The pick of the best wildflower walks

Spring is the perfect time of year get out on to the South West Coast Path and see beautiful wild flowers in
bloom. From short woodland walks through a sea of wild garlic and bluebells to cliff-top ambles past rosettes of primroses, here's our pick of the best spring flower walks.

If you love these walks, why not become a member of the South West Coast Path Association to benefit from special member only 
offers all year round while helping us to protect access to the coastline at the same time. Click here to sign up!

Rosemullion Head Circular, Cornwall (4 miles) A circular walk with spectacular views of Rosemullion Head, secluded coves and the beautiful Helford estuary, where wild garlic and bluebells grow in abundance along its banks.

East Prawle to Prawle Point, Devon (3.9 miles) A wonderful walk taking in spectacular coastal scenery and ancient green lanes, in one of the richest spots in Devon for plants and flowers. The lacy white rosettes of wild carrot grow along the Coast Path and the small blue stars of spring squill can also be spotted.

Croyde and Saunton Down, Devon (3.4 miles) Part of North Devon’s first newly designated UNESCO Biosphere Reserve, with Braunton Burrows at its heart. This is Europe’s largest sand dune system and home to more than 500 species of flowering plants, including bee orchids and water germander.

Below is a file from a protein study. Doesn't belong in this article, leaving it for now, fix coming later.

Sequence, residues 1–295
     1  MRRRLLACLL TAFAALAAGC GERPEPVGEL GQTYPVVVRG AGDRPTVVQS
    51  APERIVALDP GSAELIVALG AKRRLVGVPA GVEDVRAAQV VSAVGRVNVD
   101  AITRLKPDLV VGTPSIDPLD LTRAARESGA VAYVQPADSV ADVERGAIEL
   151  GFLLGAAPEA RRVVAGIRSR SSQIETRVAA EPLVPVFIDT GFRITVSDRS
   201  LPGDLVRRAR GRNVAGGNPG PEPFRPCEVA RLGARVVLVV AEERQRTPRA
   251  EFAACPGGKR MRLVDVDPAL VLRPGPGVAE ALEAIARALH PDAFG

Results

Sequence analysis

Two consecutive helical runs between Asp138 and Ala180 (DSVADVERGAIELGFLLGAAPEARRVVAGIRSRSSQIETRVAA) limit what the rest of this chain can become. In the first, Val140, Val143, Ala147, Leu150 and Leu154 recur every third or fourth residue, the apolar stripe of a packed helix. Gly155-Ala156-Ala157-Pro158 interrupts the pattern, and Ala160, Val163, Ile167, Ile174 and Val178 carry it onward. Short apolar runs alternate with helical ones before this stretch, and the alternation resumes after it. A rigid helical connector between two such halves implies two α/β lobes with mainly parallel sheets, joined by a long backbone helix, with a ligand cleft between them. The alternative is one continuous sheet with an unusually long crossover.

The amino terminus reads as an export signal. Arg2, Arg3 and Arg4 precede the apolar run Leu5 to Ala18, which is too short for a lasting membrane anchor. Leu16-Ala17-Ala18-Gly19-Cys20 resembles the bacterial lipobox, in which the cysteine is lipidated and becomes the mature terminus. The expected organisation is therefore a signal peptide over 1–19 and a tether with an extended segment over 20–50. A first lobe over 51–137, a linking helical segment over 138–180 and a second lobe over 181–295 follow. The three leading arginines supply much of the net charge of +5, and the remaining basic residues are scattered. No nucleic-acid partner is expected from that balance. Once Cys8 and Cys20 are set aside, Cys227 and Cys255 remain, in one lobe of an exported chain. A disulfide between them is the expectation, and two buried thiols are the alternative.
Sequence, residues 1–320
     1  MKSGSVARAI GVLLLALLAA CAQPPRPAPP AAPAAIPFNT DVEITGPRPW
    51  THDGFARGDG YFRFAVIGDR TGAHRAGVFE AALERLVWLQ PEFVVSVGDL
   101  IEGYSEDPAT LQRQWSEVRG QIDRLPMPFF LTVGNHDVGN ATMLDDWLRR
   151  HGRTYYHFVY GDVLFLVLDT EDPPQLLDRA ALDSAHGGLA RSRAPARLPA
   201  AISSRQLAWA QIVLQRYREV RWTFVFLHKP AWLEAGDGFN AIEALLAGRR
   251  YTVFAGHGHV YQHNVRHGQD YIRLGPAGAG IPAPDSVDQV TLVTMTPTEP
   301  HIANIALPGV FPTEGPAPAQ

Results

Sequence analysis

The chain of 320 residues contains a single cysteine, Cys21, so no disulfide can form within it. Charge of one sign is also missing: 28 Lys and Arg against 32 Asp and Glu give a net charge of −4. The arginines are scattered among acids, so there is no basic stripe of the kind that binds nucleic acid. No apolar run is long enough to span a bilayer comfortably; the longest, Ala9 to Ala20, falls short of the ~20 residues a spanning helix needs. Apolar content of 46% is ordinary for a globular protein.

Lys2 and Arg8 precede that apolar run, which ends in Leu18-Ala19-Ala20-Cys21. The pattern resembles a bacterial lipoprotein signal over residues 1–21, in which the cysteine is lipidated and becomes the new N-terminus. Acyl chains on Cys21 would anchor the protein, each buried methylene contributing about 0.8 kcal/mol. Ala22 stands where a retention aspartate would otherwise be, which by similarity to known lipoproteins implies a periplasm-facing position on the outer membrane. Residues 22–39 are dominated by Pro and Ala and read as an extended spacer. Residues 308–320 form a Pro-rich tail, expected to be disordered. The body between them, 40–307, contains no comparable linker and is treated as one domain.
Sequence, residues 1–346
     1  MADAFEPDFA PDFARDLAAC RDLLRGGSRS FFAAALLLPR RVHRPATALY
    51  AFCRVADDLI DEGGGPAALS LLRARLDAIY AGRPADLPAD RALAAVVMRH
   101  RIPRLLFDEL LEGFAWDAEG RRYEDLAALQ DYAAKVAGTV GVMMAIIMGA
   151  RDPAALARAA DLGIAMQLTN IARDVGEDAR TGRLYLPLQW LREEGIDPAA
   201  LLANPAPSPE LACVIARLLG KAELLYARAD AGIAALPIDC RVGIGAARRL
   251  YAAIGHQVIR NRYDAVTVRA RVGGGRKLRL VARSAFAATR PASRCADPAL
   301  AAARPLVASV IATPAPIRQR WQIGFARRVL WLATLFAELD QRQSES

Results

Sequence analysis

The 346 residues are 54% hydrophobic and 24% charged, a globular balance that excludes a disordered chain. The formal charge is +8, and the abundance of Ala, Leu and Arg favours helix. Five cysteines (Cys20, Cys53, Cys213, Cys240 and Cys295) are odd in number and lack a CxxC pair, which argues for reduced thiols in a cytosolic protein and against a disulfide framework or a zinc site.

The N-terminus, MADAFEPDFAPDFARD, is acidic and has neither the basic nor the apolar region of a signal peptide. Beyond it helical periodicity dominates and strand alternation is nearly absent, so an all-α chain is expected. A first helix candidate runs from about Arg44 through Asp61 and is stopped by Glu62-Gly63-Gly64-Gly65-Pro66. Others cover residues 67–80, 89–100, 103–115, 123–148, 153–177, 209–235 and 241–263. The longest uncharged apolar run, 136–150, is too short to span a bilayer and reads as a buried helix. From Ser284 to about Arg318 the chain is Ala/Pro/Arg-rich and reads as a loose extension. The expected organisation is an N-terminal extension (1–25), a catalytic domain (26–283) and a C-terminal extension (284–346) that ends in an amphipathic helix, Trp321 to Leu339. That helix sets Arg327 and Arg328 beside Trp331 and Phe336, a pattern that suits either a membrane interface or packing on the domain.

Boscastle and Pentargon Waterfall, Cornwall (1.7 miles) The Coast Path runs between a stone hedge, covered in the lichen sea ivory, and the open maritime grassland topping the cliffs, home to colourful wild flowers such as Dyer’s Greenweed and Saw-wort. 

Durlston Country Park Clifftop trail, Dorset (1 mile) A short clifftop walk through Durlston Country Park, a National Nature Reserve featuring a range of important habitats, including seacliffs, limestone downland, woodland, haymeadows, dry stone walls and hedgerows, each of which is host to a wide diversity of wildlife and rar

e species of butterfly. The Visitor Centre in Durlston Castle has displays and lists of recent wildlife sightings, as well as live pictures from the seabird colony on the cliffs and sound from an underwater hydrophone. Listen out for dolphins and porpoises in the waters below!

Photo credits:

Top- Salcombe Bluebells by Gary Holpin
Opposite- Common Blue Butterfly at Braunton Burrows. Photographer Frances Kent, Somerset.

Published on: March 18, 2016